Texas Property Tax FAQs

Frequently Asked Questions About Texas Property Law

At the law firm of Myers Shaw, Attorneys at Law, we strive to do right by our clients. That commitment comes with helping every one of our clients understand the complicated and confusing legal systems they are required to interact with year after year. If your property tax question is not answered below, schedule a consultation with us in Fort Worth by calling 817-731-2500 or by sending us an email.

Answers To Common Property Tax Questions

What is an ad valorem tax?

Ad valorem is a Latin phrase, meaning “according to value.” In tax contexts, an ad valorem tax is a tax dependent on the value of the item being taxed. This is commonly used in property taxes, as the amount of taxes owed is entirely dependent on how valuable your property is determined to be.

Is my property being taxed by the state of Texas?

No. In fact, the state government has virtually nothing to do with your property taxes. The state of Texas does not keep tax records for property. The value of your property, which is used to determine how much you owe in taxes, is not determined by the state either.

Who is taxing my property, then?

In Texas, property taxes are levied by local taxing units. Taxing units are entities that operate on tax dollars, such as city governments, schools, hospitals and emergency services. In many cases throughout Texas, taxing units use a centralized entity in the county to collect these taxes.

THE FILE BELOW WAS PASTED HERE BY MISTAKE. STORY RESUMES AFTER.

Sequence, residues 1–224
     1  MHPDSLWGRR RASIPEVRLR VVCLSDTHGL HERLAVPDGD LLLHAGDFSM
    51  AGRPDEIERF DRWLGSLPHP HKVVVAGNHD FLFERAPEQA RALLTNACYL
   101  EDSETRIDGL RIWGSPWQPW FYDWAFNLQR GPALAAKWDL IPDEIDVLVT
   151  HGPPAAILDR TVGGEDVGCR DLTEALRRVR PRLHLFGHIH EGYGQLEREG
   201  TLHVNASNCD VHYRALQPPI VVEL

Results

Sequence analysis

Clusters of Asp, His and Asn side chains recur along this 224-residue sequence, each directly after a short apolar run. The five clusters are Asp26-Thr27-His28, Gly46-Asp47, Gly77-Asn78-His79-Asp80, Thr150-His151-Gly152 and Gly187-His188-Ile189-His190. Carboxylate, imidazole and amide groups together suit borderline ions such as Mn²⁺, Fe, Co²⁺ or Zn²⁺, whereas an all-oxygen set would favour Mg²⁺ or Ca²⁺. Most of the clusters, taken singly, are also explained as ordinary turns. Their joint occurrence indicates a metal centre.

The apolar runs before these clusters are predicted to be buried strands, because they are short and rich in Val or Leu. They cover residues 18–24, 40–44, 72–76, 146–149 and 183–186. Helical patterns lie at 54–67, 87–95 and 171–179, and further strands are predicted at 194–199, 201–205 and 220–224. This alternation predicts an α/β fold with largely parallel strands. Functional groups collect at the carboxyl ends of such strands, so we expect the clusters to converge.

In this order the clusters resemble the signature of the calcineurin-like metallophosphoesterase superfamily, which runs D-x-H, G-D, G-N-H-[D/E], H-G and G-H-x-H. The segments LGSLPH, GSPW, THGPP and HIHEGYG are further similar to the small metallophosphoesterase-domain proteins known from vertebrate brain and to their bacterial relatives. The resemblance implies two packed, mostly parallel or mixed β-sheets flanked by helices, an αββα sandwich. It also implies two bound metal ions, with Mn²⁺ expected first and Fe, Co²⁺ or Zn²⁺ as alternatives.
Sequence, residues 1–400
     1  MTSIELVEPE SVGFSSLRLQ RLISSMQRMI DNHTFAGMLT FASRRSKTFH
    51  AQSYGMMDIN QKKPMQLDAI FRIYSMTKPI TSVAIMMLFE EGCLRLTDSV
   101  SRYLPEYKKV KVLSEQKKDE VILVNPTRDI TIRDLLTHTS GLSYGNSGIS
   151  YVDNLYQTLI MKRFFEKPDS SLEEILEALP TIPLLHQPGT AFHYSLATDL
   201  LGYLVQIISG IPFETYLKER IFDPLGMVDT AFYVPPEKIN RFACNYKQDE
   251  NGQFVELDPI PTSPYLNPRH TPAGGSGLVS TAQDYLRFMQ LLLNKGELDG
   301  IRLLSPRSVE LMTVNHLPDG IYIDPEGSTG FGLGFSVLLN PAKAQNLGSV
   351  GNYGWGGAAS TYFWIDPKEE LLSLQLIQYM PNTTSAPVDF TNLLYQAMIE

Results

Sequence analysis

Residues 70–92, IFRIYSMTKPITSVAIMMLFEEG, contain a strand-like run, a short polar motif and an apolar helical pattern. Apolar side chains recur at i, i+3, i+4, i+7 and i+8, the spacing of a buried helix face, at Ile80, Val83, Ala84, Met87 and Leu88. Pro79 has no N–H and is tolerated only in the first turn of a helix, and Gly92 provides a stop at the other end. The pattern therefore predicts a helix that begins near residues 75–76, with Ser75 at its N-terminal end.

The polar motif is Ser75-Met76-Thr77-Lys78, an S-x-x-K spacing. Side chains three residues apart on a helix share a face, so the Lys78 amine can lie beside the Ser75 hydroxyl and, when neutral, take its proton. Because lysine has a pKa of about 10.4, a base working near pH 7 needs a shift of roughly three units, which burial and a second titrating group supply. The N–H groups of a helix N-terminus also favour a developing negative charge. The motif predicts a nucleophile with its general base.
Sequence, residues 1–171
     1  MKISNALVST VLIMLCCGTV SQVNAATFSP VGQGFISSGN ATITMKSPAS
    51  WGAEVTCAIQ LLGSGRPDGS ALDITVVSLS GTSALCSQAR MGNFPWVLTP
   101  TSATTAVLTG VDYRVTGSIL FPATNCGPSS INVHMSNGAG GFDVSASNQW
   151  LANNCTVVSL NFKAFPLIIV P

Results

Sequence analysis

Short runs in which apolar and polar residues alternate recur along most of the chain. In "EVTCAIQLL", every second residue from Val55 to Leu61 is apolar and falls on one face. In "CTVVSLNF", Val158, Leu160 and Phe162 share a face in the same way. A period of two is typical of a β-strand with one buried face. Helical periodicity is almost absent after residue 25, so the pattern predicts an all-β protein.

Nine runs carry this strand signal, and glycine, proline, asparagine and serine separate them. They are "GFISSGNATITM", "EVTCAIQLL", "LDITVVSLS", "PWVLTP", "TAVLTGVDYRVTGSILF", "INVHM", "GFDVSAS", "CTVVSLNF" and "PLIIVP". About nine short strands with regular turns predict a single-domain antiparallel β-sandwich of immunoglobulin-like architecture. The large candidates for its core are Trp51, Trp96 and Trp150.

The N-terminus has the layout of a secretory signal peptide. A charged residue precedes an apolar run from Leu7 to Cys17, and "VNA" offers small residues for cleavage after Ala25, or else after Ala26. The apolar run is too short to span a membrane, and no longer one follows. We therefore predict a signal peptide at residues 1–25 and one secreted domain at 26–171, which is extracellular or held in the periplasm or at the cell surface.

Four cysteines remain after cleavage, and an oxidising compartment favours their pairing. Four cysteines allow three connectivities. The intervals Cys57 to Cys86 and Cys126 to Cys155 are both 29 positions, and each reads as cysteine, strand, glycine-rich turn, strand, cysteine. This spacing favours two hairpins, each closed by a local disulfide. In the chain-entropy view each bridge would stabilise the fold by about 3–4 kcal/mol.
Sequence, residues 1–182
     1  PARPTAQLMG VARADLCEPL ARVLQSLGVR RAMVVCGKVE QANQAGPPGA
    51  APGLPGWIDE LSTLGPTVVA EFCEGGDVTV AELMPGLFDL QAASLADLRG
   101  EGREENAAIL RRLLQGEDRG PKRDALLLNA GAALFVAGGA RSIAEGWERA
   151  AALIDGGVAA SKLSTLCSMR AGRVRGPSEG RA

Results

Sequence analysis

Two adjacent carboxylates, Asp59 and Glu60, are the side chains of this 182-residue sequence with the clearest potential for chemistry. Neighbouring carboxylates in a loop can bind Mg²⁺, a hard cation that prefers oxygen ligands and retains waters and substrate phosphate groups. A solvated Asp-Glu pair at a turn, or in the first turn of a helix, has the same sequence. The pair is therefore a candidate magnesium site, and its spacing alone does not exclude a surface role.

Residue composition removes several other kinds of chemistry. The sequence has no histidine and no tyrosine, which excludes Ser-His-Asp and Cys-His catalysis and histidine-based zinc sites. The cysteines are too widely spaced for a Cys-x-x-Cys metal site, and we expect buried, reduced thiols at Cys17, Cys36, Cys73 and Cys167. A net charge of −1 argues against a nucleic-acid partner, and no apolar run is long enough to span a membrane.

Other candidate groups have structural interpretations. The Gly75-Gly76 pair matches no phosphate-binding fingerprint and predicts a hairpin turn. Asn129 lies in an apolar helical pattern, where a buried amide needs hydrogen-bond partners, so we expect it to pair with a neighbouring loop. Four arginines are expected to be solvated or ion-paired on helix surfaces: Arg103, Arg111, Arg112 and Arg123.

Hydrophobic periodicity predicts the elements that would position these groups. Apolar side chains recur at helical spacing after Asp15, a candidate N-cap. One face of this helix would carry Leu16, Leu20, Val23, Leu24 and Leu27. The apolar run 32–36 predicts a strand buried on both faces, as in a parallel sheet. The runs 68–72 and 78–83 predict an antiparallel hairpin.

How does the taxing authority assess my property’s value?

When the appraisal district evaluates your property, it considers 1) how the property is being used and 2) the market value of the property at the beginning of the property tax cycle.

Market value can fluctuate significantly based on the influences of four key forces:

  • Environmental forces like water availability or accessible topography may increase market value, while toxic contaminants or barriers to development may decrease market value.
  • Economic forces include the health of the local, national and international economies. Income levels, local interest rates and financing options can affect a property’s market value.
  • In property evaluation, zoning ordinances and proximity to public services are among the most influential governmental forces.
  • Social forces, such as population density, drive the demand for real estate, making rarer properties more valuable.

Who will hear my challenge to my property tax assessment?

Once the appraisal district has completed an assessment, you have the ability to protest its valuation in front of the appraisal review board (ARB). In Texas, the ARB opens informal hearings in mid-May. The ARB will then mail you its decision.

If you disagree with the ARB’s decision, you may appeal it in Texas District Court. You have a right to representation in tax appeals. Contact Myers Shaw, Attorneys at Law, to discuss your property tax concerns and to learn more about our appellate services.